W5 United Screen Printers
United Screen Printers (USP) produces a wide range of decals for displaying promotional messages on
fleet vehicles (including delivery vans, eighteen-wheelers, and aircraft). Its decals range from flat-color
designs to full-color photographic reproductions.
Although it is one of the oldest forms of printing, screen printing is superior to most of the more modern
approaches because it permits making heavier deposits of ink onto a surface resulting in more vibrant
and longer lasting finishes. Screen printing works by blocking out areas on a silk screen so that ink
passes through only the unblocked areas to make an impression on the vinyl decal.
Many in the industry believe that the economics of fleet graphics makes them an extremely attractive form
of advertising and should lead to their continued penetration of a largely untapped market. One industry
source estimated that the cost of fleet graphics works out to be $2.84 per 1,000,000 visual impressions.
Given the highly cost effective use of fleet graphics as a form of advertising, it is speculated that
organizations will increasingly exploit this form of advertising. In addition, as organizations become better
aware of this advertising medium, it is likely they will want to change their message more frequently.
According to managers at USP, this may be one of the major factors apparently driving the competition to
focus more on short lead times and prices, and less on decal durability.
USP is about to begin its annual evaluation of proposed projects. Six projects have been proposed as
1. Purchase new large press.
Currently a three- and-half to four-week backlog exists in the screen printing department. This results in
USP’s total lead- time of 4 to 6 weeks in comparison to an industry average lead-time of 3.5 to 4 weeks.
In a typical month, USP ships 13% of its orders early, 38% on-time, and 49% late. It has been estimated
that 75% of the backlog is waiting for press 6, the largest press in the shop. Furthermore, press 6 is in
dire need of replacement parts but USP has could not, thus far, locate a source for these parts. Given the
problem of finding replacement parts and that the press is somewhat outdated, this proposal calls for
purchasing a new large press for $160,000. Based on estimates that a new large press could process
jobs 50% to 100% faster than press 6, it is calculated that the payback period for a new large press would
be one year.
2. Build new headquarters.
USP’s CEO fervently believes that the company needs to have a strong corporate identity. He therefore
purchased land and had plans drawn up for the construction of a new corporate headquarters. Analysis of
the new headquarters indicated that although it would improve operating efficiencies, the savings
generated would not pay for the new building (estimated to cost $4 million). Many of the board members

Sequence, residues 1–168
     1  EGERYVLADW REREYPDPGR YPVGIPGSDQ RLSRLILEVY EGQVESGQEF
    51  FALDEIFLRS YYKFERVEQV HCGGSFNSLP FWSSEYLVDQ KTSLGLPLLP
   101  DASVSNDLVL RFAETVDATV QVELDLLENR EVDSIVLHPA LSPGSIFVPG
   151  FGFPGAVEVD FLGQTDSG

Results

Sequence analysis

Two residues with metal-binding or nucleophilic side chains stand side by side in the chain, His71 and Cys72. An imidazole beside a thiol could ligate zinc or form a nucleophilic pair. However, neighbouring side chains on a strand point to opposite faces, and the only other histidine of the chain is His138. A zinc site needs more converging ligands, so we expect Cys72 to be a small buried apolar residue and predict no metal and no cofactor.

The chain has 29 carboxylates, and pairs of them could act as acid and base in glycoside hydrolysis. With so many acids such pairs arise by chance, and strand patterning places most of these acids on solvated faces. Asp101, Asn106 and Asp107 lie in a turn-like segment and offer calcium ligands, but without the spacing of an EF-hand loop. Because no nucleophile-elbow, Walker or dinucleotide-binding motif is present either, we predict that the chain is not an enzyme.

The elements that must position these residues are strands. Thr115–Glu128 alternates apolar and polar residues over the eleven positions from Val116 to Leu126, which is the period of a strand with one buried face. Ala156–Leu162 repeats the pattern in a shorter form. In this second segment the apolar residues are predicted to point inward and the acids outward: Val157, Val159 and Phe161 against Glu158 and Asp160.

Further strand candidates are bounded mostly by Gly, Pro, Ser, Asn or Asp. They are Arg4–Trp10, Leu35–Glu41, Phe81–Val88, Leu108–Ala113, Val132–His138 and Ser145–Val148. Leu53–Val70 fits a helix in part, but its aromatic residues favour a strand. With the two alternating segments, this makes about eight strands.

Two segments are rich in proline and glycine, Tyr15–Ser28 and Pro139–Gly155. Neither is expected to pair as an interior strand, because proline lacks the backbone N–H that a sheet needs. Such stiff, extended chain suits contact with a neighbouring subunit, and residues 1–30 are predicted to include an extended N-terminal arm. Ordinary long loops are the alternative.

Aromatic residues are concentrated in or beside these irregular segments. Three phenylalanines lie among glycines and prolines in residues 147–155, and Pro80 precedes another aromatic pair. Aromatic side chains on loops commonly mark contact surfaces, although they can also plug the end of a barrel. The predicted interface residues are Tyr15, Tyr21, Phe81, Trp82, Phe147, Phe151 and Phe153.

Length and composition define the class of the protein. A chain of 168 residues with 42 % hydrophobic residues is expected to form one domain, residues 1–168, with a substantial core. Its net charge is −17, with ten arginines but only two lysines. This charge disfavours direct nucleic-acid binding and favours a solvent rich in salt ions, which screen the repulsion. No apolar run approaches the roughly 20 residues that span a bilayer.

viewed the project as too risky because it would increase the company’s debt as a percent of capital from
almost zero to 50%.3. Pursue ISO 9000 certification.
This proposal also comes from USP’s CEO. ISO 9000 is a set of standards that provides customers with
some assurance that a supplier follows accepted business practices. In some industries obtaining ISO
9000 certification is essential, such as in industries that export to Europe or service the domestic
automobile industry. It was less clear what competitive advantage pursuing ISO 9000 would provide USP
at this time. On the other hand, the process alone would help it document and perhaps improve its
operations. The cost of this initiative was estimated to be $250,000 to $300,000 and would take one year
4. Develop formal procedure for mixing inks.
This proposal comes from USP’s plant manager. At present, mixing inks is a highly specialized skill that
consumes 2-3 hours of the team leader’s time each day. This project would focus on developing ink
formulas to make the task of mixing inks more routine, less specialized, and subjective. The team leader
is paid $25,000 annually. The cost of pursuing this project is estimated to be $10,000.
5. Purchase and install equipment to produce four-color positives in-house.
The lead time to have positives made by an outside supplier is typically one week and costs $1,500 to
$6,000. According to this proposal, the cost of purchasing the equipment to produce four-color positives
in-house would be approximately $150,000 plus $25,000 for installation and training. The variable costs
of producing positives in house are estimated to be $375 per job. If produced in-house, the lead time for
the four-color positives would be approximately an hour-and-a-half.
6. Purchase inkjet printers.
An alternative to purchasing a new screen printing press is to add capacity based on newer technology.
Given the inkjet’s production rate, six inkjet printers at a cost of $140,000 would be needed to provide the
equivalent capacity of a new large screen printing press. The major disadvantage of the inkjet printers is
that compared to the screen printing process, the outdoor durability is more limited. In general, inkjet
printers are more economical for small orders, while screen printing presses are more economical for
USP currently has annual sales of approximately $7 million. It typically allocates up to 10% of sales to
these types of projects.
1. Construct an aggregate project plan tor USP.
2. What criteria would you recommend USP’ use in selecting its projects this year?
3. Based on your recommended criteria and the aggregate project plan, what projects would you
recommend USP fund this year?
4. Are there any types of projects you would recommend USP pursue that were not proposed?
5. What, if any, additional information would you want in making your recommendations?
6. How would you go about obtaining this information?
Justify your answers by referring to the case study and other online (only) sources.